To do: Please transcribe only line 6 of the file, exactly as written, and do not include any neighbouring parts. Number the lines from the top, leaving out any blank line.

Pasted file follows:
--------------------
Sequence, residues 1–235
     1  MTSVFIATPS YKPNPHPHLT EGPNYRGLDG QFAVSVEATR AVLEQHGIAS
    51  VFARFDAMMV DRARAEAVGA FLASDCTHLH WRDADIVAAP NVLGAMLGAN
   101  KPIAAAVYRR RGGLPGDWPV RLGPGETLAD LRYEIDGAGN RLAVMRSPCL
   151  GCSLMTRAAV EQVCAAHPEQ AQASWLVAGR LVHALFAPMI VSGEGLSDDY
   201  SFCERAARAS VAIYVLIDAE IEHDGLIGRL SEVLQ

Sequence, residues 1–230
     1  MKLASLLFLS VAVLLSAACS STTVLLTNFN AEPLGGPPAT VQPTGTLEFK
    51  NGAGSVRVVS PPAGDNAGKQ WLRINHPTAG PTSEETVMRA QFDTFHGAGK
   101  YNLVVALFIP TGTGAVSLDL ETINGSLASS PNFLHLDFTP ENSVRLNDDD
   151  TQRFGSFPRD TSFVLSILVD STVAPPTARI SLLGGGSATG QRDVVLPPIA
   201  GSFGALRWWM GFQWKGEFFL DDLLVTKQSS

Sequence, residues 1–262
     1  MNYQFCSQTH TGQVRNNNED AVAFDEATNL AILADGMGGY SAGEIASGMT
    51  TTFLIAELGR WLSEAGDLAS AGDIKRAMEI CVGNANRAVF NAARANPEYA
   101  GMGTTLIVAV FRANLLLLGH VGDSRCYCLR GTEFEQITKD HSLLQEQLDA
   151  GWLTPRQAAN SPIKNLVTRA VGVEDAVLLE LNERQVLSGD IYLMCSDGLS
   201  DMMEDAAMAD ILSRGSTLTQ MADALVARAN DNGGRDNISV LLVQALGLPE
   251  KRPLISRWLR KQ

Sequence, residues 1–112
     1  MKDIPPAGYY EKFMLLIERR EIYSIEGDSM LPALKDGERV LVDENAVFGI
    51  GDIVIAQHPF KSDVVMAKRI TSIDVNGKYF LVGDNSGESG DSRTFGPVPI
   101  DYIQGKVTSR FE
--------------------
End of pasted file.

   201  SFCERAARAS VAIYVLIDAE IEHDGLIGRL SEVLQ